Maps spark our imagination. Since the early modern period, maps were produced in large quantities by church institutions, aristocratic families and other archive creators who charted their real estates in individual property maps or map books. Maps were also drawn in the context ? of public works, taxation, military operations or lawsuits.
The State Archives keeps vast collections of cartographic material. In the past years, over 150,000 maps were digitised, of which some 137,000 can be accessed online using the search engine Search archives. Furthermore, the portal site Cartesius enables geographical search in over 200,000 maps and aerial photographs, 44,000 of which are kept by the State Archives.
Map collections per province
A number of maps are kept in their initial context, that is to say within the archive file in which they were created. Other cartographic material was extracted from its original file (archives of ecclesiastical institutions, courts, etc.) in the 19th century and brought together in - artificially created - collections (per archive repository). As a result, the link to the initial archive creator was lost in many cases, which can complicate the interpretation of the archives.
Almost every State Archives repository has compiled a maps and plans collection in this way (those for the provinces of Flemish Brabant, Walloon Brabant and Brussels-Capital Region are kept at the National Archives).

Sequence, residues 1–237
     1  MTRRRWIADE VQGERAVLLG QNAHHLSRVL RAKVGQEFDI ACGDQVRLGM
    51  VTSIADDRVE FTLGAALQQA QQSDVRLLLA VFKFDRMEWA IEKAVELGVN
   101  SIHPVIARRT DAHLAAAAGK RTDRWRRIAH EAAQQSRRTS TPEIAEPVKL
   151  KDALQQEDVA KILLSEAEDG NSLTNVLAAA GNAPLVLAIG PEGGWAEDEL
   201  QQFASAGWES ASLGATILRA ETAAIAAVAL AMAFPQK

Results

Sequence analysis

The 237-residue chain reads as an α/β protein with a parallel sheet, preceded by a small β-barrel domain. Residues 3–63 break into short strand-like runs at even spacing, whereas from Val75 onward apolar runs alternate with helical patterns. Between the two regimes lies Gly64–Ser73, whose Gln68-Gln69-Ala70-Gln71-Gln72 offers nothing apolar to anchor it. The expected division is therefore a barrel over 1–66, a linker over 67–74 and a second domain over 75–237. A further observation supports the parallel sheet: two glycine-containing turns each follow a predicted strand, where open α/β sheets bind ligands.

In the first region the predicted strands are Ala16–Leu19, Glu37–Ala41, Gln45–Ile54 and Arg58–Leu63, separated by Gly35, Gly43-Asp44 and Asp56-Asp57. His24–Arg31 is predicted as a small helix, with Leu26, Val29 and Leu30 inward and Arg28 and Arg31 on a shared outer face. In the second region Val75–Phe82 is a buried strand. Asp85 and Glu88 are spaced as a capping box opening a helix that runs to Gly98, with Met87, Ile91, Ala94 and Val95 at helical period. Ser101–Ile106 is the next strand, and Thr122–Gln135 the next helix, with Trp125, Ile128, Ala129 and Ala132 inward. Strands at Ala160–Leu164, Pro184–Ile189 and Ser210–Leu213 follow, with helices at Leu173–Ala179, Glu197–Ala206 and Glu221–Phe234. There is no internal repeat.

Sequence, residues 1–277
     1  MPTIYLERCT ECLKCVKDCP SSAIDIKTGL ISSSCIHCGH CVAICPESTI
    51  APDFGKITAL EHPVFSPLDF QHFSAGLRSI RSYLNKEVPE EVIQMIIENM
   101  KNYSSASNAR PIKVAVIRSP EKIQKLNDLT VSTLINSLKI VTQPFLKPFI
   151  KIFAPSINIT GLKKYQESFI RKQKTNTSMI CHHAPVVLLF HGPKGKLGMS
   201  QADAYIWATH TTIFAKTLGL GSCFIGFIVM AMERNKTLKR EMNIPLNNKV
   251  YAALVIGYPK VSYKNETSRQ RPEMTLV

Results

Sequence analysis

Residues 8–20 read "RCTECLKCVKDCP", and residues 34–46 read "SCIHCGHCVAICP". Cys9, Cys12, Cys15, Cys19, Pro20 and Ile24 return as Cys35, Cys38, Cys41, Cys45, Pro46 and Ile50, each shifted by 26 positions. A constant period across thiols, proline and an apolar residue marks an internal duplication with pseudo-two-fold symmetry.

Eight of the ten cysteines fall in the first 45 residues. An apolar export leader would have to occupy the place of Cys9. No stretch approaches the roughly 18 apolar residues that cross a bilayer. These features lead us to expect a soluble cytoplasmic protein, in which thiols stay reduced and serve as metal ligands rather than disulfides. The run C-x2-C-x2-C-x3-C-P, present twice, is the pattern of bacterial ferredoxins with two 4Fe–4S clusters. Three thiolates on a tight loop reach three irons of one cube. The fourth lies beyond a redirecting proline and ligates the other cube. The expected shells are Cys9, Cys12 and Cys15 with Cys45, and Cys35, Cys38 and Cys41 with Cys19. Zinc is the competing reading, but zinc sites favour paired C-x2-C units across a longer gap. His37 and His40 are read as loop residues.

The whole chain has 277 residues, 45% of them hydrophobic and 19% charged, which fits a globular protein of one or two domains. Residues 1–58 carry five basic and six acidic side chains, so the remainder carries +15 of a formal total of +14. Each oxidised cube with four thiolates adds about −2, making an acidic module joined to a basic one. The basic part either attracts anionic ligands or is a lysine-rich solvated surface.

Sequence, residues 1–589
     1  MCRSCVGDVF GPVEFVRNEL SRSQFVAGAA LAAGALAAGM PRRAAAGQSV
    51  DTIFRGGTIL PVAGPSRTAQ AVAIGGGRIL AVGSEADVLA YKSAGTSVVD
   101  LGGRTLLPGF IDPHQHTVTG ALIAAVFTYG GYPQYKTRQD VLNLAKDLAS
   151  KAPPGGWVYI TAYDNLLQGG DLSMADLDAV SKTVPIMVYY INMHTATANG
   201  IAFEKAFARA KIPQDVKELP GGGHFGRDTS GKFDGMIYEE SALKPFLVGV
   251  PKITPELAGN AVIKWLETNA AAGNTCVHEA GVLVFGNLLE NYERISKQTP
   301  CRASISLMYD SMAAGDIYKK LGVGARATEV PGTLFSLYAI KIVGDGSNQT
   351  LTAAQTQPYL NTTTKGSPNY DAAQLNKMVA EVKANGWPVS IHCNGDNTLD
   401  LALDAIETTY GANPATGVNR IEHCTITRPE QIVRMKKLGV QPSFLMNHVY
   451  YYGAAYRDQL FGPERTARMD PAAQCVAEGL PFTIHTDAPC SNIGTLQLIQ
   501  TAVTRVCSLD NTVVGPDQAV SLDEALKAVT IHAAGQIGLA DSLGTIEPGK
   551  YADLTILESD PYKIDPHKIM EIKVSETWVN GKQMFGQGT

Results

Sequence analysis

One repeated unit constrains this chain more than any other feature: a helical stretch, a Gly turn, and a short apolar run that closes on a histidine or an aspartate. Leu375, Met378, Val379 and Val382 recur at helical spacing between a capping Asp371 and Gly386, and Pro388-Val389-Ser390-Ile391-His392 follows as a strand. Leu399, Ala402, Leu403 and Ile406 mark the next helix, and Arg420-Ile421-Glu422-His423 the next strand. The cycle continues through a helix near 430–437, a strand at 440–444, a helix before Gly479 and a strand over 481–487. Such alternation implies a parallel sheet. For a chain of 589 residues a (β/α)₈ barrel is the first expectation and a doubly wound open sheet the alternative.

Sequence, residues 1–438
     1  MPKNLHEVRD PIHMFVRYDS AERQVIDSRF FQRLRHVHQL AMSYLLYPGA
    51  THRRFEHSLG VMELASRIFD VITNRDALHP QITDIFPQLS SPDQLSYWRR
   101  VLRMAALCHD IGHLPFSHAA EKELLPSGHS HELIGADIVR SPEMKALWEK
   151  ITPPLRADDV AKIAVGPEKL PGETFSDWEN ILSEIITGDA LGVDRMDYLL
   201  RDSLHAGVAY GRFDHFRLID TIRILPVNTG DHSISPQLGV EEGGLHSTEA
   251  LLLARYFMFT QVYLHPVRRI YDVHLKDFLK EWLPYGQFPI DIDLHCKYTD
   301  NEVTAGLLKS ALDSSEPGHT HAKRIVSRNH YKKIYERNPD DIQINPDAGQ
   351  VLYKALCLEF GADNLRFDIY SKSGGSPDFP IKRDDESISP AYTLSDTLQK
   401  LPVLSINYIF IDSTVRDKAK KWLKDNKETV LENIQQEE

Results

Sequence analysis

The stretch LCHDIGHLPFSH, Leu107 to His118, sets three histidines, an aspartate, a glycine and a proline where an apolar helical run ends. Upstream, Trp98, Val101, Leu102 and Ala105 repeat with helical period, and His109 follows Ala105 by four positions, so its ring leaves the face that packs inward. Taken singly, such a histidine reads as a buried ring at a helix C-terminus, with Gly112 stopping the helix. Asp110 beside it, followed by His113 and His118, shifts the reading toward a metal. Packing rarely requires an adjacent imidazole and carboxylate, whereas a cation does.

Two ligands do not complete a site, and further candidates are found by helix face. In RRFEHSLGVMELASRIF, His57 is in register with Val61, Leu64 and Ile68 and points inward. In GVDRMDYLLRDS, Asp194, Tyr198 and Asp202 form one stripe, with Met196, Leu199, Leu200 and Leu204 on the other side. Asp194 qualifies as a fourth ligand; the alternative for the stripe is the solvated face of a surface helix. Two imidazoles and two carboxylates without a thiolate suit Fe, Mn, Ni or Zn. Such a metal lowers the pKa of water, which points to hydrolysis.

- Overview of all map collections per province
- A few highlights:
- Map books of the abbeys of Averbode (1650-1680) and Boneffe (1754-1758)
- Map collection of the Arenberg family (17th-20th century)
- Plans of the fortifications of cities in the Southern Netherlands (17th-20th century)
- Junta of the Disputed Territories. Supplement: list of maps
Primary land register
In the early 19th century, land registry services have started mapping territories in order to be able to levy taxes from real estate owners. For almost the entire country, the so-called “primitive (first) cadastre”, created between 1808 and 1834 (1844 for Limburg and Luxemburg) and the municipal boundaries from the same period can be consulted in digital format. In total over 25,000 maps provide a detailed view of even the smallest plots. They form a snapshot of 19th century landscapes, cities, villages and neighbourhoods, just before the industrialisation, urbanisation and large-scale infrastructure works of the 19th and 20th century.
- Catalogue of the primary land registry plans
- Scans of the primary land registry plans
- Want to know more? Watch the video ‘Historical land registry plans online’ (available in Dutch and in French)
The approximately 60,000 Scans of the “minutes of border demarcation” provide insight into the process of establishing the boundaries of municipalities and parcels.
- Catalogue of the boundary marking minutes of municipalities
- Scans of the boundary marking minutes of municipalities
In collaboration with FPS Finance.
Geographical search via Cartesius
You can search cartographic material for a specific region using cartesius.be. The portal provides maps from the collections of the State Archives as well as Popp and Ferraris maps (Royal Library of Belgium), aerial views and topographical maps (National Geographic Institute), and maps of Central Africa (AfricaMuseum).
Cartesius allows geographical searches. On a contemporary map you indicate the area for which you would like to find historical maps, upon which the search engine displays those documents that pertain to the area. To make this possible, the cartographic material not only had to be digitised and described but also enriched with correct geographical metadata (georeferencing).